FROM Employees e
INNER JOIN EmployeeTerritories et ON et.EmployeeID = e.EmployeeID
INNER JOIN Territories t ON t.TerritoryID = et.TerritoryID

The view above queries the employees territories using joins, by creating a view the person using the view does not have to know the underlying table structures that is in the database they can just use the view.
If you check in SQL Server you will see that a new view call EmployeeTerritoriesDescriptions has been created



To select a view you just select it like any other table, by using the SELECT statement. Here is an example of how you would select the EmployeeTerritoriesDescriptions view after it has been created.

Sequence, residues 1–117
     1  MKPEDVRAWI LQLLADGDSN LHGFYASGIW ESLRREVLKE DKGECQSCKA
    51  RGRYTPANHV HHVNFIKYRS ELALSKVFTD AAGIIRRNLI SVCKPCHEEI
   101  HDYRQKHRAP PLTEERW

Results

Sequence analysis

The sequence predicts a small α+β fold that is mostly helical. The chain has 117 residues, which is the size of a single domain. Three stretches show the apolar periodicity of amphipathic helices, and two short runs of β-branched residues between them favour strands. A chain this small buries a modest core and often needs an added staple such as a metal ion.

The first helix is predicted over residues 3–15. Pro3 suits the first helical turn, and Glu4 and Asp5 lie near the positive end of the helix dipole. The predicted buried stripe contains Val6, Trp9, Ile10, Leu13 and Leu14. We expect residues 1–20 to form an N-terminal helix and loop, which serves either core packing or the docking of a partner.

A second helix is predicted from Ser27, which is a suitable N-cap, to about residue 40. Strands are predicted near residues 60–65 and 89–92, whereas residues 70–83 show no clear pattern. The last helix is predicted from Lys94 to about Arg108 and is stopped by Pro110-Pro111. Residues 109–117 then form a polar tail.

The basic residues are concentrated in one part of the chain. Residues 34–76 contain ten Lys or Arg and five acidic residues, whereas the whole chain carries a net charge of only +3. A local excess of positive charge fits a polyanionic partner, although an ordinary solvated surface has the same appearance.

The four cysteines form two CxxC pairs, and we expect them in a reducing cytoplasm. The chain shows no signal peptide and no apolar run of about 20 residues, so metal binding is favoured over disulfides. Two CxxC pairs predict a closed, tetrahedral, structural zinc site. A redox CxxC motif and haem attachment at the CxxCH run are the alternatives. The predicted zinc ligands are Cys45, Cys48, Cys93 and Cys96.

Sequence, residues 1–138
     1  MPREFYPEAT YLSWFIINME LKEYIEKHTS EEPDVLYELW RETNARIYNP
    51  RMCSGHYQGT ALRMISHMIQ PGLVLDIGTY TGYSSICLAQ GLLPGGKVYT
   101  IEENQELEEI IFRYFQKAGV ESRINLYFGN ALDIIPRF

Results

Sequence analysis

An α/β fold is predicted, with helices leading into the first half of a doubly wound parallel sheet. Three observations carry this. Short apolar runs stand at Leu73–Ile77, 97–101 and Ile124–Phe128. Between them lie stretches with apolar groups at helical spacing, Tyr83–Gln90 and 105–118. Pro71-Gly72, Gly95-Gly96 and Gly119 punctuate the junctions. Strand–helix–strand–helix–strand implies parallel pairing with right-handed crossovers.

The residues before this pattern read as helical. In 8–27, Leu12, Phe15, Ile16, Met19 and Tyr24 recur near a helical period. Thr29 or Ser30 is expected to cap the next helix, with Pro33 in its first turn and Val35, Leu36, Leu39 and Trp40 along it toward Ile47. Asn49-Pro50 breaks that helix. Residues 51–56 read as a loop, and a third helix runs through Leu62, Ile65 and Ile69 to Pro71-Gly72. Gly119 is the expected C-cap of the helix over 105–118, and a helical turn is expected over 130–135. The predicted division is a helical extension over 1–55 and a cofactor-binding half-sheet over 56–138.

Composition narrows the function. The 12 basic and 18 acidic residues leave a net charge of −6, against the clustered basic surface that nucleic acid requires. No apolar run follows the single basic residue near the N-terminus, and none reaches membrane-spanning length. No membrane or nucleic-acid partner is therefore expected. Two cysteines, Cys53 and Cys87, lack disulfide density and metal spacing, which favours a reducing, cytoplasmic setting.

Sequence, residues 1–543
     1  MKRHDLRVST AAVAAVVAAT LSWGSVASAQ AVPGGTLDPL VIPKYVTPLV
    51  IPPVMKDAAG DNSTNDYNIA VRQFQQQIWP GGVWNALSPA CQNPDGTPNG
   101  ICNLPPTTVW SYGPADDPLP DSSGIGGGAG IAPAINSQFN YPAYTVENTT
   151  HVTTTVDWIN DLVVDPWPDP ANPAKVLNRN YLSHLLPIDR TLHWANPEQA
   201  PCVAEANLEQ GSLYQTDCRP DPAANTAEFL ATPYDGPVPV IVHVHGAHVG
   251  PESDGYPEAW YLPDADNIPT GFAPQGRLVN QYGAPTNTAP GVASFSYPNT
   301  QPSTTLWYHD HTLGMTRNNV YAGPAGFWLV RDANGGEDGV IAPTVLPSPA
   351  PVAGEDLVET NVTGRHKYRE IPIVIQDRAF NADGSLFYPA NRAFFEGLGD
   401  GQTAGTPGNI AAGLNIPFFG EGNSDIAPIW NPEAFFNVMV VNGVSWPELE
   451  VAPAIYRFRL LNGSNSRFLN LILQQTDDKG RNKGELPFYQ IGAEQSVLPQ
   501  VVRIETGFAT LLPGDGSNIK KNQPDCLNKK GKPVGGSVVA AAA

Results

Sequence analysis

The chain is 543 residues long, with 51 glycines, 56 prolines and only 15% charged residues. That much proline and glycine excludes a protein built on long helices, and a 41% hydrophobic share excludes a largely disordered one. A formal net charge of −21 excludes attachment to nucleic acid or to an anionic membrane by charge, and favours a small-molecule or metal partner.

SELECT Name,TerritoryDescription,TerritoryID
FROM EmployeeTerritoriesDescriptions

Here are the results:



As you can see a view is a great way to hide the complexity of a query. All you need to do is query the columns in the view and don't have to worry about the complex query any longer.

Tuesday, February 17, 2015

Sometimes you need to call a stored procedure that only returns one value. It would be overkill to use the SqlDataReader to store just one value. You can use the SqlCommand.ExecuteScalar() method instead to retrieve just one value from the database.
Here is how you would call the "GetProductsAvgPrice" stored procedure in the Northwind database.

1.  First you need create a stored procedure in the SQL Server that will return just one value the average price of products in Products table in the Northwind database. Run this code in the SQL Server query editor window

USE Northwind;
GO
CREATE PROCEDURE GetProductsAvgPrice
AS
    SELECT AVG(UnitPrice)